It should be noted however that there have been emerging exploratory studies indicating that some childhood cancer survivors exhibit behaviour associated with PTSD (post traumatic stress disorder). This further emphasizes the need for robust follow up care, safe spaces (e.g. places where the kids can “hang out“ and be with peers who accept and understand them etc.) and strong circles of support for kids with cancer and childhood cancer survivors. This is why a number of childhood cancer foundations and patient support organizations provide alternative education facilities, in hospital or in their offices.
Childhood cancer survivors are cured and no longer need continuing, follow up care.
Continuing follow up care is very important for childhood cancer survivors. Studies have revealed that childhood cancer survivors are at higher risk for a secondary cancer, or a debilitating health condition related to their initial cancer treatment. Therefore, vigilance and regular monitoring are critical for early identification and treatment of any health challenge or impairment.
Childhood cancer survivors and their families should be informed about the facts and details of their cancer, the expected health and lifestyle consequences of their treatment and the required monitoring/regular follow up.
Childhood cancer survivors should be provided with age appropriate information and enabled to understand their conditions. Teens and young adults need to feel empowered and able to take charge of their own health.
Childhood cancer survivors will have a miserable, sad and dismal future. They can never have a normal life.
Most childhood cancer survivors return to normal school life and activities after treatment. They effectively reintegrate with their family, friends and communities. In other cases, the survivor and their families adapt and modify their lifestyle to achieve the “new normal.”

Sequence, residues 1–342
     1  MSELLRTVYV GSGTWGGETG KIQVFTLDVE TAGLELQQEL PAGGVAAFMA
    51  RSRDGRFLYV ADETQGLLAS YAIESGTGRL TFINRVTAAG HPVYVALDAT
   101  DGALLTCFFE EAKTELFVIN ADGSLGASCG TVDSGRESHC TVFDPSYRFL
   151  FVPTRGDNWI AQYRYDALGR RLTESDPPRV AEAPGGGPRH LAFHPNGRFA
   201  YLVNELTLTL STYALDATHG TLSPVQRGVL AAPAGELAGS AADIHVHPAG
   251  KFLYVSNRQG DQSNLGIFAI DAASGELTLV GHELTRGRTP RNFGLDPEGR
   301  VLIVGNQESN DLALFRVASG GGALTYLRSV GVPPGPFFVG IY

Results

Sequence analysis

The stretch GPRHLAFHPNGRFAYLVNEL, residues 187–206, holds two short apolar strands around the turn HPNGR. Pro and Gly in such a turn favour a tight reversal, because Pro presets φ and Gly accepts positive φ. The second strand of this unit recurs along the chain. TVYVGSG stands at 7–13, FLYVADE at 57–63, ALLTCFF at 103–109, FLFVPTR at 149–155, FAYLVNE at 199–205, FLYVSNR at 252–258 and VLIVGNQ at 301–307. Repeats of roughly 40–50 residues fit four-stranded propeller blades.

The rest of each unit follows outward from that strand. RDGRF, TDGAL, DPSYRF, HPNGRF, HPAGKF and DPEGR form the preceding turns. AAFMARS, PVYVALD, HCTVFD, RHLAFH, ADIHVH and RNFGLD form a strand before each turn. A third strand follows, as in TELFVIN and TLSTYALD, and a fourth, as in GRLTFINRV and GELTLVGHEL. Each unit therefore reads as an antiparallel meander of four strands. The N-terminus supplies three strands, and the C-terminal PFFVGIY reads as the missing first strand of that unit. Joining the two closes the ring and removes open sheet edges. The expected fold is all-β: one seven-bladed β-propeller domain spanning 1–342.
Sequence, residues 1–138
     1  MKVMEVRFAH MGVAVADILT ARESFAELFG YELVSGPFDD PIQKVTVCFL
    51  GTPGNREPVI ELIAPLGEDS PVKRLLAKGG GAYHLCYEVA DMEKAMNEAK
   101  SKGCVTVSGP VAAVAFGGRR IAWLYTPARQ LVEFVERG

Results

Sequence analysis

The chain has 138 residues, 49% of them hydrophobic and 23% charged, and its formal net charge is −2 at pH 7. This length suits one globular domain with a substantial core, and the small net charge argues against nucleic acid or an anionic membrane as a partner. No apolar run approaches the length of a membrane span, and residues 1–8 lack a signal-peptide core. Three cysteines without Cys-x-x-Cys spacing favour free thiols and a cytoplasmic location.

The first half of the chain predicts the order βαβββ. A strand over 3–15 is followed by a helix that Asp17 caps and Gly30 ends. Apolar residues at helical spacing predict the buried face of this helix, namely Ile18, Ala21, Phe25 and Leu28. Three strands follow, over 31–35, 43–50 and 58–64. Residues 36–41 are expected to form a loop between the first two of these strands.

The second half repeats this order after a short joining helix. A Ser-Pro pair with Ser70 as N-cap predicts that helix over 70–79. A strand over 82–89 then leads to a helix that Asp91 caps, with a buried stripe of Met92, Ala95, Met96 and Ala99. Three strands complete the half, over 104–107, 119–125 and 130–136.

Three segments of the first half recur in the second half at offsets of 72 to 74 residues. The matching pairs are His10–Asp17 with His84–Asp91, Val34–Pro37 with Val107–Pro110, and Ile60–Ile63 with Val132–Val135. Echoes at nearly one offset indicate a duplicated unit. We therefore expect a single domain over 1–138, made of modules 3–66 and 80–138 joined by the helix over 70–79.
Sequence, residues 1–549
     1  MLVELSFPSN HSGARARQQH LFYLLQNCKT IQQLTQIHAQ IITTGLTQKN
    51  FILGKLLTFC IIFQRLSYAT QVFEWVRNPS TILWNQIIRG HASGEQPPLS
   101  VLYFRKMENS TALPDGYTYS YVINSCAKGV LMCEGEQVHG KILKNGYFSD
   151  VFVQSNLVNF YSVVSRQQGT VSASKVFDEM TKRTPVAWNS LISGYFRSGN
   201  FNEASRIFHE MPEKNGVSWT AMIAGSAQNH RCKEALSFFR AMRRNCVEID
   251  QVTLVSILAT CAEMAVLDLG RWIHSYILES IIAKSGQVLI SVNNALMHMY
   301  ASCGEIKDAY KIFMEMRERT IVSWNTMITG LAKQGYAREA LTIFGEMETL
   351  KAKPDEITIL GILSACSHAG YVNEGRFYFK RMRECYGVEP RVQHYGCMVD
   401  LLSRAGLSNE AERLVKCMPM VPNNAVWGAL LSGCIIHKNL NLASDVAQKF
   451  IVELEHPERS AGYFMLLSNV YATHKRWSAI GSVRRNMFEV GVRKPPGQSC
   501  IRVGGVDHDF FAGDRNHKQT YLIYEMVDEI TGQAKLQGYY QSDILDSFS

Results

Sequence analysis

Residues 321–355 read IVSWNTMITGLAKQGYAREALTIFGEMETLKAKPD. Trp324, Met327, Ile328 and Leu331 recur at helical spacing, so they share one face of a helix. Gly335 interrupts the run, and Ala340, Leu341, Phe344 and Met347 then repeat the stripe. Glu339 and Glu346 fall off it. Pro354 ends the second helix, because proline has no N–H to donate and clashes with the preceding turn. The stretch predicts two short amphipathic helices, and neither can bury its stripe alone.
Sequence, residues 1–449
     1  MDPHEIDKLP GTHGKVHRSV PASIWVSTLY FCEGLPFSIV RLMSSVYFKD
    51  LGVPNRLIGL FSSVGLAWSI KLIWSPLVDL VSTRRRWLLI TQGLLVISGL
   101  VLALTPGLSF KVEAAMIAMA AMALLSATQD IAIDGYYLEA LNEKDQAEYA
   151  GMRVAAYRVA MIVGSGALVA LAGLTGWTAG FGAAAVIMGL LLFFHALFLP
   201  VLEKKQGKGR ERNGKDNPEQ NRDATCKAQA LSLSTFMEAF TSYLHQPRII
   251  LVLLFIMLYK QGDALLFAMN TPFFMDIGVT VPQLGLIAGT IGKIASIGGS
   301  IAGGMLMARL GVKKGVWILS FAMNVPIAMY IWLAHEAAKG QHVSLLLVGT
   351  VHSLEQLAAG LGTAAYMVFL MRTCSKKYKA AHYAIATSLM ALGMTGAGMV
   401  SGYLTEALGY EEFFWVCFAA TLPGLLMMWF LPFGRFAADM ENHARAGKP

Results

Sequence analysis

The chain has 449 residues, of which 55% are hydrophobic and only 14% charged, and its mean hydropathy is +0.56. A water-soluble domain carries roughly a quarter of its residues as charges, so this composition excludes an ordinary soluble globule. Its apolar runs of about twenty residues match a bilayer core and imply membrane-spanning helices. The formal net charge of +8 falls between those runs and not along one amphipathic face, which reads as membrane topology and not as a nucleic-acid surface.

Adjustment to the “new normal” – life after cancer, becomes much easier more fulfilling and happier, with a circle of care provided by an understanding and supportive network of family members, teachers, carers, community of peers and friends.
Childhood Cancer Survivors will always carry the stigma of cancer in their adult life. They will always be discriminated against and looked down on for marriage, employment and in social circles.
In most countries, childhood cancer survivors are looked up to and viewed as heroes and warriors who courageously overcame cancer. Childhood Cancer survivors are living proof and testimony that childhood cancer is curable. They are the best ambassadors to bring hope, motivate and inspire other survivors, new patients and their families.
In countries where discrimination and stigma still exist, survivors and their supporters need to stand up and speak out. They need to challenge the stigma, share their stories and show the reality of their new lives.
Studies have shown that education, information and real life stories are powerful tools to break stigma and eliminate discrimination.